The primary issue with the Oracle licensing model is the fact that both the Standard and Enterprise editions are identical software packages. Even if a company has only purchased the Standard package, many Enterprise features are added by default upon installation. If subsequent audits reveal that Enterprise features were used, a license upgrade is triggered. These upgrades are not trivial, either… they can amount to millions of dollars in unexpected fees. To make matters worse, Oracle software makes no effort to warn users that a feature they have activated is not part of their current licensing plan.
These examples of Oracle licensing horror stories all share a common theme – the customer unintentionally or unknowingly activated an Enterprise feature while under Standard licensing, resulting in an unexpected bill:
When a mid-sized bank’s audit server crashed, Oracle had to be reinstalled from scratch. During hectic reinstallation and recovery, the compressed backup feature was triggered by accident.When this was discovered by the audit team, a fee claim of USD 250,000 was levied against the bank.
Similarly, a large government organization was presented with a $1 million surprise by Oracle auditors when it was found that Enterprise diagnostic and tuning packs were activated. Fortunately, full license feature logging was enabled, making an investigation into the chain of events leading to the undesired feature activation easier. In an ironic twist, time logs indicated that it was an Oracle consultant who had activated the license upgrade while tuning the system. When Oracle was presented with these facts, they dropped the claim.
Topping these stories is a frightful USD 11 million claim by Oracle against one particular large enterprise. In a meeting about the claim, confident Oracle auditing partners asserted that the customer had been using VmWare, triggering the Enterprise fee for the VmWare environment. However, thorough logging by dbWatch revealed that the company was using VmWare 5.5 which does not trigger that particular licensing upgrade. With precise, detailed documentation to present to the auditors, a specious claim was once again dropped.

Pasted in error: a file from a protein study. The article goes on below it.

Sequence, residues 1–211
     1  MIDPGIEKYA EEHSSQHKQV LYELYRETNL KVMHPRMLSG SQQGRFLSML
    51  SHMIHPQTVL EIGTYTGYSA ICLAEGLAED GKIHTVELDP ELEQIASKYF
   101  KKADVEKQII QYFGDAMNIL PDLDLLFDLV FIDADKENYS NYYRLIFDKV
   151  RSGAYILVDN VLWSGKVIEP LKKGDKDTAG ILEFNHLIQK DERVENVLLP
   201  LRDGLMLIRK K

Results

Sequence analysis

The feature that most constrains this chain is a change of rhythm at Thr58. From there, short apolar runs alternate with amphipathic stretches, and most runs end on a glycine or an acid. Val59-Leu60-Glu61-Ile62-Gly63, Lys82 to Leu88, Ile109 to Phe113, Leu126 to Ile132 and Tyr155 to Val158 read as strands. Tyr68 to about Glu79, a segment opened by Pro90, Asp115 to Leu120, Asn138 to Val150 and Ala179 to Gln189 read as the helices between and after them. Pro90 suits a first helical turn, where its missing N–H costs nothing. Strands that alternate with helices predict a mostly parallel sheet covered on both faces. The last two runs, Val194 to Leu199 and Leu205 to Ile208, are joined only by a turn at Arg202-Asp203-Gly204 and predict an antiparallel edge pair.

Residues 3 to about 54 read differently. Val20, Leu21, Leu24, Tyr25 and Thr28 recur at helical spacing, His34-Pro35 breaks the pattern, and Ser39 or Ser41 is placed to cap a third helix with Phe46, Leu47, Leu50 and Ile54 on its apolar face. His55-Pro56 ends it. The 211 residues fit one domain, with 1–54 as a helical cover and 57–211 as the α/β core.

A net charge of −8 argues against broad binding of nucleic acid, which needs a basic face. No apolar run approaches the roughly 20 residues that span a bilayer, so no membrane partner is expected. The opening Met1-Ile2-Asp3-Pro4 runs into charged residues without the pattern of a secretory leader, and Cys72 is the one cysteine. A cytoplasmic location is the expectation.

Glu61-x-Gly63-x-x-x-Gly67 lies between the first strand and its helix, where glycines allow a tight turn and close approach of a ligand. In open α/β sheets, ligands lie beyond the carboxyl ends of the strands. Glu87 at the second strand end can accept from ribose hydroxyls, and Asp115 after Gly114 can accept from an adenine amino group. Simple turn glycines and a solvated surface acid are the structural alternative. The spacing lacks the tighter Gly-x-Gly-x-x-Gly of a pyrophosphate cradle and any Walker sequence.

Based on these cases, and countless other stories, there are steps you can take to avoid most of these licensing pitfalls:
- Log all events, especially with external consultants
- Run license feature checks on a regular basis using 3rd party tools.
- Scan your environment for all instances of Oracle, including test and backup systems.
- Come to audit meetings prepared, with thorough documentation.
- Bring your own Oracle license expert
The most important thing to remember is that you don’t have to take any aggressive action by Oracle lying down. No company should have to pay for software features that they didn’t need or want. Some due diligence and preparation will go a long way toward helping your organization fight any unfounded licensing claims. As seen from the horror stories above, the small cost associated with avoiding audit claims pales in comparison to what can be billed after a bad audit.